Open Cut » Coal Extraction
The DOZERTRAK system uses a laser guided tracking theodolite or GPS to determine the position of a moving target attached to a dozer. The positional information is combined with other sensors and processed by an on-board computer to determine the position of the cutting edge of the blade. The computer screen dynamically displays the dozer blade on a shaded perspective view of the design surface in real time. Operators can work day or night without the use of surveyors as they can at all times see the position of the blade in relation to the final required surface. Alternatively, the display can be monitored on-site and the dozer operator given instruction by radio.
DOZERTRAK can reduce the inefficiencies that are brought about by the operator relying on a third party to instruct him as to height or tolerances to the finished surfaces. The more complicated the final surface, the more inefficiency prevails, particularly in the rehabilitation of spoil heaps when working on undulating surfaces.
The system when applied to the mining industry will increase Australia's overseas competitiveness by increasing the efficiency of the mining process and reducing the cost of land rehabilitation. Additional domestic benefits will accrue through more efficient practices in road works, dam construction, laying of fibre optic cables and other general earth works. Specifically the applications relevant to the coal industry are:
- Reclamation of spoil heaps
- Removal of overburden
- Ripping and stripping of thin partings and seams
- Defining boundaries of coal products in stock piles
- Road construction
- Dam construction
Earlier testing had confirmed the theoretical aspects of DOZERTRAK. Testing was now required of a fully functional prototype in the field to test the components and their integration as a system.
It was always recognised that the success of DOZERTRAK was dependent on the successful transfer of technology to the mining industry through acceptance of mine managers and machine operators. Office and surveying equipment on board the dozer had to withstand the rugged environment that earth moving machinery operates in:
Specifically the objectives were:
- to build a fully functioning prototype of DOZERTRAK;
- to fit the prototype on a Dozer and put it to work;
- to identify modifications required for a commercial product;
- to identify requirements from the industry as to the specifications of the final product;
- to compare the Tracking Theodolite against an advanced GPS device;
- to investigate the ability if the Tracking Theodolite or GPS to track a target in real time;
- to ascertain the suitability of high tech equipment being used in the rugged environment that the earth moving industry has to work in;
- to evaluate the ease with which a Tracking Theodolite or GPS can communicate with a remote computer situated on earth moving equipment.
DOZERTRAK is well suited to rehabilitation work, even at this early stage, with current accuracy achieved. Specific outcomes were:
- The system works and provides an easy to read and understand visual display for the dozer operator.
- The accuracy obtained in the initial trials surpasses anything that is currently available for dynamic real-time operator assistance.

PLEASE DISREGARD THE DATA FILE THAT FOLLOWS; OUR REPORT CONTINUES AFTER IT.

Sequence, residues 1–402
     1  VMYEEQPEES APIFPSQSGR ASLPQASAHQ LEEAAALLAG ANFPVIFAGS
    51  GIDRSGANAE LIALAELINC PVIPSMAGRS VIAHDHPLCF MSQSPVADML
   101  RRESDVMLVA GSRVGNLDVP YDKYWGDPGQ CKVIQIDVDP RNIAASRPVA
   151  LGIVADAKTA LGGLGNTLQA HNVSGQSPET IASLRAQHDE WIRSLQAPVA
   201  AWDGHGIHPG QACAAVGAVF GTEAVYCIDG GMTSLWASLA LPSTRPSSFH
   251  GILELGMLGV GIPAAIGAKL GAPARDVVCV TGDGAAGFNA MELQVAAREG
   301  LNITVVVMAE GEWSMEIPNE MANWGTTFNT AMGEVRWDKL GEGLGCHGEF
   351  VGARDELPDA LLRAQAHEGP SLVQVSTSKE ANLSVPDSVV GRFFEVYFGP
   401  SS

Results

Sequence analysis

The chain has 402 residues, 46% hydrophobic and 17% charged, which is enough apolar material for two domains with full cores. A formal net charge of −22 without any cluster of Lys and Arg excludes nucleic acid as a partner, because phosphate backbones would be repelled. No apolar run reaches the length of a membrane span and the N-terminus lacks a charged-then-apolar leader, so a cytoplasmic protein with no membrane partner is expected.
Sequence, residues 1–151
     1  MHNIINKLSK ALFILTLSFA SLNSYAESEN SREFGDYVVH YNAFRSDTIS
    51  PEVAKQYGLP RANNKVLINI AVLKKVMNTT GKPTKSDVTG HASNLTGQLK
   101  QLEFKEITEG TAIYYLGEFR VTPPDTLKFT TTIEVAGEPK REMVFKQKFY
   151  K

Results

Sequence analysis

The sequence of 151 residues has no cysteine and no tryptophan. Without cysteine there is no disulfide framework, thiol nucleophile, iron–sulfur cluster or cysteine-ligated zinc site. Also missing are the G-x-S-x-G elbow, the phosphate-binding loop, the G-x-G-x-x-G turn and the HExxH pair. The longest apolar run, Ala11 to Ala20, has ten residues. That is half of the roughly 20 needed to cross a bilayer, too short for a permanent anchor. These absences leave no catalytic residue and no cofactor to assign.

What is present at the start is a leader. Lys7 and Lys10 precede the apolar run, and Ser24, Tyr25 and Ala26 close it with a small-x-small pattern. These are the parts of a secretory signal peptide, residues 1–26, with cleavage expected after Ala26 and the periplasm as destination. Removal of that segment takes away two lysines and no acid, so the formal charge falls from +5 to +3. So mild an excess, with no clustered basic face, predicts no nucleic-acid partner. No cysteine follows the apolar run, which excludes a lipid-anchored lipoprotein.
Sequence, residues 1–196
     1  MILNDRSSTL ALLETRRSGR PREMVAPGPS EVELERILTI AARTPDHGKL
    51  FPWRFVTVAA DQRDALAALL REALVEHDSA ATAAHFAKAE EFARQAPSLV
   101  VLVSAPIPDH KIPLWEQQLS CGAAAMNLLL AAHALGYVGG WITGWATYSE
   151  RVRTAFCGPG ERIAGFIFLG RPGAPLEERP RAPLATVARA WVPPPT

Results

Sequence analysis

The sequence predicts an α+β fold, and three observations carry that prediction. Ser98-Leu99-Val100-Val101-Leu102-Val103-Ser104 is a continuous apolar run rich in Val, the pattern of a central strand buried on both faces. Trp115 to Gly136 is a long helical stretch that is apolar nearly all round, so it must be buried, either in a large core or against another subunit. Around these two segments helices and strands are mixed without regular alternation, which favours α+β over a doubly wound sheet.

- Operators quickly assimilated the method required to work with DOZERTRAK and showed great enthusiasm towards the concept and application.
- A dynamic accuracy of + / - 150mm recorded.
- Tighter accuracy's are achievable with modifications to the tracking device and subsequent software changes.
- DOZERTRAK will have an economic sound future in the recovery of coal.
- Installation and set-up processes were verified and a better understanding of the procedures required to simplify these operations were gained.
- There is insufficient room in the dozer cabin for the full computer and screen. The computer will have to be separated from the screen and mounted in a non intrusive position on the dozer.
- Vibration levels within the dozer cabin indicate that either special computer mounts must be developed or that the computer hard discs be replaced by solid state ram.
This project outlines in broad terms a proposal to a mine site to participate in a R&D project that will have significant cost savings, whilst at the same time assist in the development of technology that will benefit the mining industry.
The proposal has significant capability to be altered to suit individual mine situations, provided the project aim can be achieved and the requirements of the R&D Tax Incentive scheme can be met.
This meant that by the early eighties, commercial interest in GPS begun to blossom. At this point the system was only partially implemented and so did not provide 100% coverage. As the USDOD experimented the system would be switched off or malfunction regularly.
Transit systems having set the pace for commercial and even personal leisure use of satellite navigation, GPS development expanded rapidly. By the mid eighties, an ever increasing range of commercial GPS receivers were becoming available.
These were still limited by the partial implementation of the system. Placement of satellites into orbit continued with a later generation of satellites. By 1990, although not fully implemented, the system was sufficiently reliable to make general commercial and even personal use viable.